·
Registered
Joined
·
26,347 Posts
I waited 24 - 36 hours between coats. It seems my best bet is to let it cure for a month or so and sand fine and add another even coat. I guess I did not wipe it off well enough, I thought that I was wiping too much off.
Well you don't want to wipe it off with each appliclation. You just wipe on a thin uniform coat and let it dry. The first coat when you are starting with raw wood it is often recommended you thin it by 50% but after that I would apply it like varnish. 24 to 36 hours may be enough some times however this time of year when it is cool and damp may not have been nearly enough. It's just best to rub it with a cloth rather than timing it.

It would help the drying process if you would go ahead and sand it now and let it sit for a month to cure. Sanding would cut the surface to give better access to air. Then put it somewhere where there is ample ventilation.
 

·
Registered
Joined
·
6 Posts
Discussion Starter #7
Thanks everyone for your input.

I am in South Florida and the temps have been in the mid 70s to low 80s and I love open windows (there is a window above the counter) so there is plenty of ventilation. The counter is installed and am finishing it in place with the sink installed. One mistake that I made was not taping off the sink, I did not realize that after drying the only way to remove tung oil was mechanical, I have a lot of cleaning work ahead of me.

I mainly used tung oil so I would have a surface that if marked would be easy to repair, I am wondering now if I should have used satin urethane and just been careful.

I have made my own oil varnish in the past using 1/3 boiled linseed oil, 1/3 mineral spirits and 1/3 varnish; I am seriously considering a few top coats of the same mixture but using tung oil in lieu of the linseed oil.
 

·
Registered
Joined
·
6 Posts
I have used Tung oil a fair bit on hard wwoods over here in Oz.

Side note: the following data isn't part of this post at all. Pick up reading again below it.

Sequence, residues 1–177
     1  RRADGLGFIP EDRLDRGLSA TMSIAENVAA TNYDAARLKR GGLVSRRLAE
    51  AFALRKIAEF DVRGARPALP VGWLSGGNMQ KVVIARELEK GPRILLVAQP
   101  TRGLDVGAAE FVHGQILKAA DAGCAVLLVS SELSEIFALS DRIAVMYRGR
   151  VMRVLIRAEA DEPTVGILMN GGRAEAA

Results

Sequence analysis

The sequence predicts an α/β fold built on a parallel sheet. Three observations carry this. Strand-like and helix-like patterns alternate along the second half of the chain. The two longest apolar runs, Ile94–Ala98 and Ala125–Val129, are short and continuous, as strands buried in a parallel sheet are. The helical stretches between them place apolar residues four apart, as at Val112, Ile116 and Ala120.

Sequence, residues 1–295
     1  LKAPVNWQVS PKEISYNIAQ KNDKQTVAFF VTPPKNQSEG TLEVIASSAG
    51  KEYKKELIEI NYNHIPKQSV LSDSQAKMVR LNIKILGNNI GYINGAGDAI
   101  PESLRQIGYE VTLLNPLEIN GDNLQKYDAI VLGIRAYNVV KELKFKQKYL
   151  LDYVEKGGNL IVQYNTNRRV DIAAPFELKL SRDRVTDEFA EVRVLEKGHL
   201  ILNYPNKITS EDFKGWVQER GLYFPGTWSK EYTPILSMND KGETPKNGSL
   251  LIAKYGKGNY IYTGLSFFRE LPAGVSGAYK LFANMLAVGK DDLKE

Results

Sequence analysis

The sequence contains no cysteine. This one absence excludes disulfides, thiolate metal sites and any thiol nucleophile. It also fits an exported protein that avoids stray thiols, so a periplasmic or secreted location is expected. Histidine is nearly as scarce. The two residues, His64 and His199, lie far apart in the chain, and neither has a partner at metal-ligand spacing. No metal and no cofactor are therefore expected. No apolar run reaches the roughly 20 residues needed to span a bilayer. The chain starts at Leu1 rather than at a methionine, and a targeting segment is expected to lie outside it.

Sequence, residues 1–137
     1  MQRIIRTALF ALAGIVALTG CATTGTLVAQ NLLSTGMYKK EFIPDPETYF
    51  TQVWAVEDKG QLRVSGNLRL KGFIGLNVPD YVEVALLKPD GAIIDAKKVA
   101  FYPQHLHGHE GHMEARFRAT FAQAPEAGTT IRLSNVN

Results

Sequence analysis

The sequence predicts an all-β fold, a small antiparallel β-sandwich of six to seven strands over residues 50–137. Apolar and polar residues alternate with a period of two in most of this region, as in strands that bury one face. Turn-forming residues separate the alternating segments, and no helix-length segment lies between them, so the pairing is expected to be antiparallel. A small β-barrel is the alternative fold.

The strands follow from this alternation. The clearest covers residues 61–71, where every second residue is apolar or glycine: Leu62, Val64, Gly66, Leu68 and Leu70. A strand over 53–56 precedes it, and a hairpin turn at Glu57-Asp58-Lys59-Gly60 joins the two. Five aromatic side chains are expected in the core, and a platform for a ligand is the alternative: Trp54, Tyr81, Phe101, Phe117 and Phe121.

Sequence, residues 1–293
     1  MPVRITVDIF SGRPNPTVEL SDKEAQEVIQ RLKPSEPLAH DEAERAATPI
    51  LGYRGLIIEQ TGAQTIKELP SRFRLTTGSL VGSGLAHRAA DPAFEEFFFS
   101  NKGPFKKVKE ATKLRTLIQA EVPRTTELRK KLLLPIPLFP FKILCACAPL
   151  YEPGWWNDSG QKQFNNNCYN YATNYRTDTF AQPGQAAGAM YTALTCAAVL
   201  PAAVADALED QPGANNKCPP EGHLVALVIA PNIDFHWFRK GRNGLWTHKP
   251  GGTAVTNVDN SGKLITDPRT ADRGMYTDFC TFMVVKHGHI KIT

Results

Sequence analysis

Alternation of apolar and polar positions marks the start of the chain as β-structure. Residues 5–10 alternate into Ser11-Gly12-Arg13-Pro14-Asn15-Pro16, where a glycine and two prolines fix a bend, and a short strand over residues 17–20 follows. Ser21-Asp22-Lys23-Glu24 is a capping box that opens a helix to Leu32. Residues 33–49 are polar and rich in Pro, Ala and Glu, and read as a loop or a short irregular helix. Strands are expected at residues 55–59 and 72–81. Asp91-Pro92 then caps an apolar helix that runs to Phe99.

I sand to round 300 - 400 grit, then soak wood with oil for a day, give it another soak then hit it with random orbital with 500 grit and work up to 1200. Sander on flat out and plenty of oil on wood, do not wipe off excess. Get's a wonderful finish, the heat from the sanding is like burnishing etc. The finish really pops the grain with out timber going real dark etc. Have a crack on some scrap, I think it'll be worth it.
 

·
Registered
Joined
·
1 Posts
I applied tung oil to a bed several years ago. some of it has turned very sticky so that the blankets are sticking to it. What did I do wrong and what do I do about the problem now?
 

·
Registered
Joined
·
26,347 Posts
I applied tung oil to a bed several years ago. some of it has turned very sticky so that the blankets are sticking to it. What did I do wrong and what do I do about the problem now?
It sounds like there is something else which has gotten onto the finish which is sticky. I can't picture tung oil re-liquefying. A wax or polish could do something like that.

What I would try is cleaning it with a solvent. First make sure there is ample ventilation in the room and there is no source of spark or flame. Even turn the lights on and put tape over the switch. A light switch can cause a spark if turned on or off. Then with clean rags wash the bed with naphtha frequently changing rags and allow it to dry. Naphtha is a fairly strong solvent but is not so strong it would damage a finish or the floor if some dripped. If you have carpet you might put a plastic drop cloth down.

Then after it's clean you can determine what to do next. I'm thinking it probably would just need some paste wax but if it looks like bare wood you might tung oil it again or put a different oil based finish over the top.
 
1 - 10 of 10 Posts
Top